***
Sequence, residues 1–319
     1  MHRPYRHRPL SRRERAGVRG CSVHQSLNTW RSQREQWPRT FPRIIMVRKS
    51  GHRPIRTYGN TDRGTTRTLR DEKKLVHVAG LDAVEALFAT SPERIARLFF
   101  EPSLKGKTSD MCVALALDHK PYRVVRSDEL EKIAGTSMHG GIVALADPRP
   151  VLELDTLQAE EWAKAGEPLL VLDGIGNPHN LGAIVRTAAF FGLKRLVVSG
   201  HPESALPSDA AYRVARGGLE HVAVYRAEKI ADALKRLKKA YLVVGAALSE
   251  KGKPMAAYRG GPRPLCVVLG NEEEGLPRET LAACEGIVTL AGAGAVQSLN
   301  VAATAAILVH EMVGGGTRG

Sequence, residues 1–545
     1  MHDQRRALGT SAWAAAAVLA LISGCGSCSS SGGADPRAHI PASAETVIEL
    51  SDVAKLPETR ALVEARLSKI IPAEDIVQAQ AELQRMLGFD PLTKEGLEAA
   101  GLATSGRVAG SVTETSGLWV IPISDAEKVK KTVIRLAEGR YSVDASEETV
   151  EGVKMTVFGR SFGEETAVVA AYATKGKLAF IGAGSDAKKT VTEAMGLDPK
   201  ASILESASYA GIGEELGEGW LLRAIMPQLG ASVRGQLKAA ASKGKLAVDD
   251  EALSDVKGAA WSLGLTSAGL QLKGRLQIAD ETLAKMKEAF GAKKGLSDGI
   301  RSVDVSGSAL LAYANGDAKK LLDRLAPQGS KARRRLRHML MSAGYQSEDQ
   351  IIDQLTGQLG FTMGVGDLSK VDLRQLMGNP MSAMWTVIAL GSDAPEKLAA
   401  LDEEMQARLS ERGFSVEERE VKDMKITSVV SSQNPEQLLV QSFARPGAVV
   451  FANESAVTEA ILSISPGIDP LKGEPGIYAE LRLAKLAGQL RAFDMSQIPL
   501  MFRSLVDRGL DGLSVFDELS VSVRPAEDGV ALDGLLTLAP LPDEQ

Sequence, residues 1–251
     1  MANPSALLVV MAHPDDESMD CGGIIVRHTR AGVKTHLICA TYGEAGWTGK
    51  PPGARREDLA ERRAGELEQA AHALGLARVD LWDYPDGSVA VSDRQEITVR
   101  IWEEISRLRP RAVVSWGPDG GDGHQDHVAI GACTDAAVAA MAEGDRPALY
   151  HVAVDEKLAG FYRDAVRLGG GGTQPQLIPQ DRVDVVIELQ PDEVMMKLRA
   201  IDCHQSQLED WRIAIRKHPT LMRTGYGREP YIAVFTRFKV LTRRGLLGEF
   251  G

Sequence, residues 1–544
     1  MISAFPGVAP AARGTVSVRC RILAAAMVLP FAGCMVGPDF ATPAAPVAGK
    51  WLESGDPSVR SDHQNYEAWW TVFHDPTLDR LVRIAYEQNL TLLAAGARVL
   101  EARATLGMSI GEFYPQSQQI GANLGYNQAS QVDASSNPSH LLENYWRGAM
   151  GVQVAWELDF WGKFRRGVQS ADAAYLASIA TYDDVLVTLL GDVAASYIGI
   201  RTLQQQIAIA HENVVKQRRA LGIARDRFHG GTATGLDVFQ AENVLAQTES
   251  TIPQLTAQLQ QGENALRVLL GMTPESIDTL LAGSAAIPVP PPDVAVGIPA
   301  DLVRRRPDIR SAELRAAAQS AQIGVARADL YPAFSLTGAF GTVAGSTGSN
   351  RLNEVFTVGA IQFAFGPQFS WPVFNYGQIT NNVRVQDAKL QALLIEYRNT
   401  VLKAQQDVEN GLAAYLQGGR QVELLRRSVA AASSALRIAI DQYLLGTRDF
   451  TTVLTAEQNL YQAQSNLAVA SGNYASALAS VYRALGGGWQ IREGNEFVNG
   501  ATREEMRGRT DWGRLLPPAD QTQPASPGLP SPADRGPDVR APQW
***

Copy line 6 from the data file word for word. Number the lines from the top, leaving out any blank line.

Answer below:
   201  HPESALPSDA AYRVARGGLE HVAVYRAEKI ADALKRLKKA YLVVGAALSE